Perdue Stadium is a fairly standard single-A park. Two entrances are at the top of stairs, leading to the upper promenade that rings most of the stadium above the entire seating bowl. The lower, middle entrance opens to the lower walkway around the park behind home plate. The upper walkway runs from left field to right field behind home plate and houses most of the concession stands. In right field is a party/picnic area with terraced tables down the seating bowl, while in left field there is the kids area, highlighted by a large carousel at the entrance. A picnic berm also sits at the end of the seating bowl in left. The lower walkway runs about the same distance, and separates the lower field boxes from the regular grandstand seating. There are kids concessions behind home plate (pizza and candy), but nothing else on offer. A club level rises above the regular seats from first to third base, with the "Executive Club" on the first-base side, the press box behind home plate, and a more open party area on the third-base side.

Somewhat oddly, the home dugout in the park is on the third-base side. This no doubt has to do with sun fields and which side of the park is more pleasant for day games. Two aging scoreboards in various states of repair sit out in left and right field, with the one in right seemingly only semi-functioning.

Next to the center entrance to the park is the Eastern Shore Baseball Hall of Fame Museum. It has a free admission and extensively goes into the rich baseball history of eastern Maryland, an area--perhaps ironically--that these days is known as the hotbed of lacrosse is the country. The museum has exhibits about all the previous and current teams in the area, sportcasters from the area, Negro League teams that played in Delmarva, as well as the Hall of Fame itself and an exhibit/meeting room on high school baseball in the region. It was a nice little museum that was clearly a labor of love for those involved, and you can't beat the price.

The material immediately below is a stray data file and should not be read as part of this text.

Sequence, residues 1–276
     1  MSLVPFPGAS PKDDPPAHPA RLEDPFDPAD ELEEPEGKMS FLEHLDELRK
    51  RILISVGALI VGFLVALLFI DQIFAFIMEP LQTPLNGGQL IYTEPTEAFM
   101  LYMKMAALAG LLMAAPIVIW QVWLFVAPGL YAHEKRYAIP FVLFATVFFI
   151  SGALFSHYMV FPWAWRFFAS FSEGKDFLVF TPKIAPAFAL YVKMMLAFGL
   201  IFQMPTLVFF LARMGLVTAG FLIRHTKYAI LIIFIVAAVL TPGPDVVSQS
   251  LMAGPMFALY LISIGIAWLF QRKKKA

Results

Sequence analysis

Hall of Fame
Hall of Fame

Even though it is only single-A ball, the fans came out and were quite into the game, if needing of some prompting in certain areas. The park was mostly filled with families out for some fun, and fun they seemed to have, so there's a good transaction. (Except, of course, for the Orioles' clubs continued mangling of the National Anthem with their "O" shout.) Of note was a young woman in my section who I'm imagining was a girlfriend or family member of one of the players. They moved her down to the box seats early in the game, and she spent the rest of the game taking pictures of the Shorebirds.

What you looking at?